“It’s not just cooking. We are starting a revolution, and the ladies [from Break Bread Break Borders] who cook are my chosen sisters. In creating job opportunities, we are amplifying voices that don’t usually get heard and celebrating women. They practice English and talk to people from all spaces in life. Their community is not just their physical neighbors. We are building community and celebrating differences too.”
“Our regional, local food system is based on this movement. I think that’s pretty incredible. The ethos of the organization exists beyond the organization itself… Slow Food chapters are the body of what Slow Food USA is doing. People have a keen interest now in understanding their food, especially because of climate change. Food goes well beyond just diet.”
“This is the time and place for the Indigenous food movement. The Western perspective may see us as a trend or a fad, but we’ve always been here; we’ve just been overlooked. Not only did our ancestors survive colonization, but so did our ingredients.”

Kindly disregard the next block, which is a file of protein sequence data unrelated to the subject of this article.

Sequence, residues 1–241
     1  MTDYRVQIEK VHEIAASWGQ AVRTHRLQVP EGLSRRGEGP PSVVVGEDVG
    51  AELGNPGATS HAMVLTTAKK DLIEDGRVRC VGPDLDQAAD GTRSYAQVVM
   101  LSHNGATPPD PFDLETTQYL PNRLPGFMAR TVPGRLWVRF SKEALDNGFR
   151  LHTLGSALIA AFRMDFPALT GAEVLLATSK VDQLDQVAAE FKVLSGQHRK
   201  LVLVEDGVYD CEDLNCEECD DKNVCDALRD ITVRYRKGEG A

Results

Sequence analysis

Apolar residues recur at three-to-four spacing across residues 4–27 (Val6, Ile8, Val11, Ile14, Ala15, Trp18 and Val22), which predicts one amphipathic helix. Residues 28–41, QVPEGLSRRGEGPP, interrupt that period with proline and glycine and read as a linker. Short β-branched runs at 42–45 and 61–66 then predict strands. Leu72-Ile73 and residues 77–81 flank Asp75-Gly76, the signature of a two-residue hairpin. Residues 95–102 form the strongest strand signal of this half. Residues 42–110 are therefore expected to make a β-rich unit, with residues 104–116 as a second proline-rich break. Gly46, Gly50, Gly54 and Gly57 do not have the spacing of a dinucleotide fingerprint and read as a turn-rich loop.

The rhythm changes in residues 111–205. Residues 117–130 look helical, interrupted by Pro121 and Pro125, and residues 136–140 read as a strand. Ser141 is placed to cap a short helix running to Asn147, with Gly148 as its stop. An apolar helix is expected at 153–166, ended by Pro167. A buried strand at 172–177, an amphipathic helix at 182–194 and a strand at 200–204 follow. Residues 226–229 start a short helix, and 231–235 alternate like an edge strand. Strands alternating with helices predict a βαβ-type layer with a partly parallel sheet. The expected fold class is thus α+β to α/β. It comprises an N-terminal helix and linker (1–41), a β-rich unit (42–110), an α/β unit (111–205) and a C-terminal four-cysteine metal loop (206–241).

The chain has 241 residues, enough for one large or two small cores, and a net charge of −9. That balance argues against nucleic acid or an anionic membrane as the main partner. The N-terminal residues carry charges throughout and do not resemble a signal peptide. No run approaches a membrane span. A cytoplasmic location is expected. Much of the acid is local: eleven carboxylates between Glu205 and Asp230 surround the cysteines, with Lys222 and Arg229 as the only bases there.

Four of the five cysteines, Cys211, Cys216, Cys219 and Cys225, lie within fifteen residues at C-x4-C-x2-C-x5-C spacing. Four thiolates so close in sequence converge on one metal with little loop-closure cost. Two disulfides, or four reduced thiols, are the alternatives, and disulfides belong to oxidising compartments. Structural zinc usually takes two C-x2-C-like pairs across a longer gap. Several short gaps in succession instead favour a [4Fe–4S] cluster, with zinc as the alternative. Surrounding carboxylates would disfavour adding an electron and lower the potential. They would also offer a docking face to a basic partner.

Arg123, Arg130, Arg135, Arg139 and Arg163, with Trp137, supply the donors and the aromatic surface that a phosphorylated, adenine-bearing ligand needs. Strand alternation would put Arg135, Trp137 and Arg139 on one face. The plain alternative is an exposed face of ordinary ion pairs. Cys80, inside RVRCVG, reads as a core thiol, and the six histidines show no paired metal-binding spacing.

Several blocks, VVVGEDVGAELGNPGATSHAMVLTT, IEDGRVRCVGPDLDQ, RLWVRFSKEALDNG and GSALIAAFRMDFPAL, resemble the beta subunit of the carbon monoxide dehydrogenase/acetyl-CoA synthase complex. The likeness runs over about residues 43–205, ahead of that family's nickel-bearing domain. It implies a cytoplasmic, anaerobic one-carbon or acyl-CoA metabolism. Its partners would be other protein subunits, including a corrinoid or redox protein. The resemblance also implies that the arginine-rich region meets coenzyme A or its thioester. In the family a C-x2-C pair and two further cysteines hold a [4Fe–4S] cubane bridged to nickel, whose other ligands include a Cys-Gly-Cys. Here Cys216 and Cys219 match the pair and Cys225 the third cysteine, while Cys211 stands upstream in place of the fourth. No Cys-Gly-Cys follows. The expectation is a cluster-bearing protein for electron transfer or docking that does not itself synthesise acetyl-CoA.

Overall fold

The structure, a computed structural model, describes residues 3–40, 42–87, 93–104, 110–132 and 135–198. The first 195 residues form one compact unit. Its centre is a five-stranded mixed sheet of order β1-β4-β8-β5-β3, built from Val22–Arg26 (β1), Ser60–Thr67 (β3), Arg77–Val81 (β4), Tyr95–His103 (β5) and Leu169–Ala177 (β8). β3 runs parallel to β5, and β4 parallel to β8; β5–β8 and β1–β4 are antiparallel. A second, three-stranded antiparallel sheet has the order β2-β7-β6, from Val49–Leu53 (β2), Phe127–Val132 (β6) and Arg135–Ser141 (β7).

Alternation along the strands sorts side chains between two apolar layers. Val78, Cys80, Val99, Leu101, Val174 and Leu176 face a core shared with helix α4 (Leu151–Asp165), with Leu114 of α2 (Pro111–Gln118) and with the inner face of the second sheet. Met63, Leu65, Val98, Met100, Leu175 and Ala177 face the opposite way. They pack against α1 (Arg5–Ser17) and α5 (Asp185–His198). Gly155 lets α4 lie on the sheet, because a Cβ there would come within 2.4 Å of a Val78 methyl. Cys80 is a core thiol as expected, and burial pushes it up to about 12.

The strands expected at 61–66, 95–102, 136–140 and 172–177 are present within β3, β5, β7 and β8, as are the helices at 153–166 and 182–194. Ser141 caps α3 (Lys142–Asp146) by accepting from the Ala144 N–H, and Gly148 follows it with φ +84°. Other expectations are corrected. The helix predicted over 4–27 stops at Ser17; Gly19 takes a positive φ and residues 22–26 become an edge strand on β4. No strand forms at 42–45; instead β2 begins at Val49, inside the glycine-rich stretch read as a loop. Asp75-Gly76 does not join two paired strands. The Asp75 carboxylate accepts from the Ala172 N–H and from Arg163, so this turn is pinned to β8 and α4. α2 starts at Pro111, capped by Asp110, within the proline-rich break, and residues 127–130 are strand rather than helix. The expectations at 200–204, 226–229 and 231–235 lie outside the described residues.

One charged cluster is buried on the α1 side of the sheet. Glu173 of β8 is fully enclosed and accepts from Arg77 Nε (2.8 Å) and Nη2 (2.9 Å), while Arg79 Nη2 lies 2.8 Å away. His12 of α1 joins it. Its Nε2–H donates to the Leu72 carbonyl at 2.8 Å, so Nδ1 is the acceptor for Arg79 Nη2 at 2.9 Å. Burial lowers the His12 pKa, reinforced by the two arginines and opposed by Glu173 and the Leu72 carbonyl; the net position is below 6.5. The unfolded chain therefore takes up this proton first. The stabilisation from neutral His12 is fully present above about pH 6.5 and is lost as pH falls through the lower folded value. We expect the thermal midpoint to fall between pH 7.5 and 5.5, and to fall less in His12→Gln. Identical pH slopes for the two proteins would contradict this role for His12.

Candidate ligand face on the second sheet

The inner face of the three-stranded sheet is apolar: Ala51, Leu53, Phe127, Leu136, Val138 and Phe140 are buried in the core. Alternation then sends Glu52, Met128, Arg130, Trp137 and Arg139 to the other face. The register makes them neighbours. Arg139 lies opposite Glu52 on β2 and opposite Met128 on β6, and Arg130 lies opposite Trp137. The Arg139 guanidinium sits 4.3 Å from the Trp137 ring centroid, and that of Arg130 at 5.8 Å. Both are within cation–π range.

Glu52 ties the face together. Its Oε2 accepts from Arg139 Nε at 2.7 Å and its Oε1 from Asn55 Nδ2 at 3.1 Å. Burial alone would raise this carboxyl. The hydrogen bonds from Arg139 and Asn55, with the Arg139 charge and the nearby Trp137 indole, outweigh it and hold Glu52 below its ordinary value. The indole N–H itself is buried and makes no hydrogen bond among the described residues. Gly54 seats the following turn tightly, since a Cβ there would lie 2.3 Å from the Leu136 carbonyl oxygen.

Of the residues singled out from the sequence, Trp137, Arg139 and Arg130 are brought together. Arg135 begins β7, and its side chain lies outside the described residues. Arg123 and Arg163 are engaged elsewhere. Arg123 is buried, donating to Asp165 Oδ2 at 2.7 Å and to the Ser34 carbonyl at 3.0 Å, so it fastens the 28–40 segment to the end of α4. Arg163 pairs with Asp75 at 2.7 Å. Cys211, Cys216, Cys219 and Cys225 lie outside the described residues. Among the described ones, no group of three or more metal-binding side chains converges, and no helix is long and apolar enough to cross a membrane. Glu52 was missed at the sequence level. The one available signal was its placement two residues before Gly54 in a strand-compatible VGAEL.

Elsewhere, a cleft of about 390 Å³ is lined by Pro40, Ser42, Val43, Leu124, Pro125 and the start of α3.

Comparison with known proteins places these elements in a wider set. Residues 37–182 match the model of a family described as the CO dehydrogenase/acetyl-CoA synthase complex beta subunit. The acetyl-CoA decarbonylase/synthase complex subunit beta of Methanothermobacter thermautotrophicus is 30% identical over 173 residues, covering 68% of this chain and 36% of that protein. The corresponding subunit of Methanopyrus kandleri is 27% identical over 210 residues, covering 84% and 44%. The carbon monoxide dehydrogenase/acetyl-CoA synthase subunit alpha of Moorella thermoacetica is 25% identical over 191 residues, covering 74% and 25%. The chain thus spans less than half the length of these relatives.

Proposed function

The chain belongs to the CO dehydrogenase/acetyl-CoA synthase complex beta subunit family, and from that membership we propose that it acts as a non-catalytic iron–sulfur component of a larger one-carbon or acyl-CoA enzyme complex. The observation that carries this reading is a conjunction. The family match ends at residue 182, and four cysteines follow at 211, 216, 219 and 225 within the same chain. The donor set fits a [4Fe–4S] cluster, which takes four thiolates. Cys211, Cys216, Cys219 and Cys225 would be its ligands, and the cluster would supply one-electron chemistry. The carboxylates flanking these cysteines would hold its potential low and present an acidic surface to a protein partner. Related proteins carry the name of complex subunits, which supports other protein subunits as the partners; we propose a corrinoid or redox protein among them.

The immigrant and refugee women who cook at Comal are participants in that experience, not simply hourly workers in a cafe. They are cultural ambassadors to the surrounding community, sharing recipes, techniques, and stories. They cook food that humanizes and equalizes.
The message is to slow down. Gather around the bread making or the smell of sautéing onion. Let that capture your attention, get involved. It is innate within you already.
“Food sovereignty is reconnecting to and celebrating one’s roots and ancestry and not needing to ask permission to feed yourself, your family and your community foods that are culturally appropriate.”